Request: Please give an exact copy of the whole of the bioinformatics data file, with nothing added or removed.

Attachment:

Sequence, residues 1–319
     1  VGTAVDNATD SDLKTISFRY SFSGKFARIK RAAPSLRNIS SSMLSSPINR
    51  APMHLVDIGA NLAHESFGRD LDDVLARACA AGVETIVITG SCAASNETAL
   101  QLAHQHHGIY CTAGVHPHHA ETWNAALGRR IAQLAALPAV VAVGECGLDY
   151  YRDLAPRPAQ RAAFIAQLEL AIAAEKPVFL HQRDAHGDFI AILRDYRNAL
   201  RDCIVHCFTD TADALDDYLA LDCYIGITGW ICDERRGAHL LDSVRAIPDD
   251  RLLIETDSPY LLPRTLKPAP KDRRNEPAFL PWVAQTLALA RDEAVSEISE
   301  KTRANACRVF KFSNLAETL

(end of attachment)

Sequence, residues 1–319
     1  VGTAVDNATD SDLKTISFRY SFSGKFARIK RAAPSLRNIS SSMLSSPINR
    51  APMHLVDIGA NLAHESFGRD LDDVLARACA AGVETIVITG SCAASNETAL
   101  QLAHQHHGIY CTAGVHPHHA ETWNAALGRR IAQLAALPAV VAVGECGLDY
   151  YRDLAPRPAQ RAAFIAQLEL AIAAEKPVFL HQRDAHGDFI AILRDYRNAL
   201  RDCIVHCFTD TADALDDYLA LDCYIGITGW ICDERRGAHL LDSVRAIPDD
   251  RLLIETDSPY LLPRTLKPAP KDRRNEPAFL PWVAQTLALA RDEAVSEISE
   301  KTRANACRVF KFSNLAETL